Up until now I have been dealing with the existence and nature of God. In some ways, it’s not really important what God is like. When I was first searching for God, I came up with this whole mythology out of whole cloth. It wasn’t a mythology that fit the facts, it was a mythology that fit what I wanted to believe in. It wasn’t long before I realized how empty and hollow that mythology was, and the whole experience left me with a distrust of metaphysics. I used to say (and still do) that you don’t do the right thing because people will like us for it, and you don’t do the right thing because some old guy will let you live in his garden forever, you do the right thing because it’s the right thing to do.
However, the nature of God informs what the right thing to do is. And eventually I will get around to explaining what I think the right thing to do is. The nature of people also informs what the right thing to do is, so I need to talk about that first.
Those of you who know anything about Buddhism will realize I’m pretty much pulling this from the Four Truths of the Buddha. That is commonly translated as The Four Noble Truths. I was always confused as to what was supposed to be noble about them, so I looked into the translation of the phrase. What I learned was that the phrase is really The Four Truths of the Noble One, the Noble One being Buddha. A lot of Buddhism was translated into a sort of King James dialect, which I don’t speak, so I try to find more vernacular ways to say things. I make no bones about cribbing from the Buddha. I am a Zen Quaker after all. I’ll crib from Jesus later.
Principle 5: We Suffer (The Suffering Principle)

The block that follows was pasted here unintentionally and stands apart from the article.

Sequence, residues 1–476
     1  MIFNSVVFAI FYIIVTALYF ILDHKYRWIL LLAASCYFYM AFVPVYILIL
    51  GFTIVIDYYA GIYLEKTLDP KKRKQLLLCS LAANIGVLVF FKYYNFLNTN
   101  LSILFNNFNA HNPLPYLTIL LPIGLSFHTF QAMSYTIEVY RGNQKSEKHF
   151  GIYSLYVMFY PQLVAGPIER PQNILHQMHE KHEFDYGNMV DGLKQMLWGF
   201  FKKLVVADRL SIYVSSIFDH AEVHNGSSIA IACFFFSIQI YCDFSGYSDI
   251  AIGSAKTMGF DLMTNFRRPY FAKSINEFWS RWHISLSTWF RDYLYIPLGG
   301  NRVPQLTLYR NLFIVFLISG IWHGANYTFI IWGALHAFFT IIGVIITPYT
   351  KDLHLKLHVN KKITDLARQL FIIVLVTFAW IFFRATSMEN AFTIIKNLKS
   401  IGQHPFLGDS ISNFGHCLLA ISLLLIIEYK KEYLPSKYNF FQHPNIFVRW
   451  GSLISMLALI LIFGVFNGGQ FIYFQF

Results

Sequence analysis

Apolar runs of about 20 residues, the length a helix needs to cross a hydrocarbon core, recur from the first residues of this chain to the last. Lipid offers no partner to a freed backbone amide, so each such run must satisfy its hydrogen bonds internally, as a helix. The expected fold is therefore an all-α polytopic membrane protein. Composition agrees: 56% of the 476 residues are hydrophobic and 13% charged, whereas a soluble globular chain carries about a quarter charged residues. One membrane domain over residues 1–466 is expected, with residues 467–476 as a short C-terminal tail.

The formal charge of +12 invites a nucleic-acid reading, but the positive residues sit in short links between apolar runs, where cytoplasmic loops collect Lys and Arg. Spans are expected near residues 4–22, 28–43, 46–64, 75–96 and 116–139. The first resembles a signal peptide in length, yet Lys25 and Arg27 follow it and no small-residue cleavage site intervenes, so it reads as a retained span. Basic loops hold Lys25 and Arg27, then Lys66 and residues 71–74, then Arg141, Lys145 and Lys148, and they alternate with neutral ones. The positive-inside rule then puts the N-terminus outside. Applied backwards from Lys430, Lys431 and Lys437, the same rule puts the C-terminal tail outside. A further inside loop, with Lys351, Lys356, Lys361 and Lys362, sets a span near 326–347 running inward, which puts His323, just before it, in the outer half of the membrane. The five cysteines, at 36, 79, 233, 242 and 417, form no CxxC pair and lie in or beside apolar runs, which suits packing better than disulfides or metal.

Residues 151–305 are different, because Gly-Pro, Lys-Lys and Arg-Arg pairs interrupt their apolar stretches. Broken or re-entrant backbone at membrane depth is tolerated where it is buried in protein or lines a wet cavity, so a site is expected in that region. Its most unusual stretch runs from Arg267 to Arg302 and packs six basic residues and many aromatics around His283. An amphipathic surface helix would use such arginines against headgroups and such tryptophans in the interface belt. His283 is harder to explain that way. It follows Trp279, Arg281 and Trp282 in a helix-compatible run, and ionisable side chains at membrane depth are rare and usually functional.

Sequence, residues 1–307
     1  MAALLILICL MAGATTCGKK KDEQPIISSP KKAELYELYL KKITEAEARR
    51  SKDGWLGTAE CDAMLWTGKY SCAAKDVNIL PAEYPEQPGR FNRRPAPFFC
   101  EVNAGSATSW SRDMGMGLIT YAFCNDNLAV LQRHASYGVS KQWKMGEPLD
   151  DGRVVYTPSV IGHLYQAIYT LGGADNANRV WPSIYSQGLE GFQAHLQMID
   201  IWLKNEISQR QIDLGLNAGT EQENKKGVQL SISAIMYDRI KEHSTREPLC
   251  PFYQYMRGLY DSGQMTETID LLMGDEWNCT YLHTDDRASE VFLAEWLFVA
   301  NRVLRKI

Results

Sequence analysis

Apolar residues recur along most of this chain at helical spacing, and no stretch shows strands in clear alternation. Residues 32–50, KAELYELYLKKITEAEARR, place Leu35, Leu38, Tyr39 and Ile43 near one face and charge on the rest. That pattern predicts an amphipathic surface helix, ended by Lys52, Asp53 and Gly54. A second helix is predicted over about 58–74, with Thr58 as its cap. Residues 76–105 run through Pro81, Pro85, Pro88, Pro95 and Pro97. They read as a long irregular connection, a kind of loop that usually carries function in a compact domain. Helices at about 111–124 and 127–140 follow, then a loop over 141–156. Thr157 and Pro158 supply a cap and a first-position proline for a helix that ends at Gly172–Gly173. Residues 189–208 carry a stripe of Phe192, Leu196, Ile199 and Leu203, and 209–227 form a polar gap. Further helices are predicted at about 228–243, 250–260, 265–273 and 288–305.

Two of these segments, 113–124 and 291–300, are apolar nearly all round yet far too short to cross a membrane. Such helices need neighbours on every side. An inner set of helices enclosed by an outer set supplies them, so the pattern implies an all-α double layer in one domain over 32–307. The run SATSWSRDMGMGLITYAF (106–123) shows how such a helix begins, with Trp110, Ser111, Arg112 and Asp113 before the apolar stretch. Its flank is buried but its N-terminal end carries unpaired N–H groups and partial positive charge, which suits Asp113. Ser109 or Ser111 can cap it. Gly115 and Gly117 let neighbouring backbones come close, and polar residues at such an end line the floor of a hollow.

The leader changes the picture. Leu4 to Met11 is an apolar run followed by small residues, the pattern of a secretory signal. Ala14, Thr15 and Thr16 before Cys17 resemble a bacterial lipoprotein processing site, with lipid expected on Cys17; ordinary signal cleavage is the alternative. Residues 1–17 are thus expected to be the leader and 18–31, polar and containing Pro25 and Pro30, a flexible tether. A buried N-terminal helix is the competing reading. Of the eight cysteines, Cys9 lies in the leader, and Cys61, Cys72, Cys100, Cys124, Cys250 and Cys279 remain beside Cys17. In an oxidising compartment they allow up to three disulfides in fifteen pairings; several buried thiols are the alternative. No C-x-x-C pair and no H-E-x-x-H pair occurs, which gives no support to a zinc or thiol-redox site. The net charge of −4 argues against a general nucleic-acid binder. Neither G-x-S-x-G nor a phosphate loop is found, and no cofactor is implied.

We suffer. We are not satisfied with our lives. Our lives are out of balance.
This is pretty basic. I’ve certainly had plenty of pain in my life, from my old man to Tall Needle. As no one of consequence once said “Life is pain. Anyone who tells you different is selling something.” Of course, it’s also a wonderful life. The two statements are not as contradictory as you might think.
Principle 6: Desire is the Cause of Suffering (The Cause Principle)
We suffer because reality is not what we want it to be, because we desire reality to be something else. We want things to be the way they were in the past, or at least the way we remember them to have been in the past. We want the past to be different, so that the things that pain us would not have come to be. We want the future to be here now, so we can get what we are waiting for. We cannot accept the present as it is, so we suffer.
Even when we finally get what we want, it isn’t what we expected it would be. So we suffer.
This to me is an incredibly important part of what the Buddha taught. The pain of life is not external to us, it is something we bring to life. We are in pain because we cannot accept life as it is. That is how life can be wonderful and painful at the same time.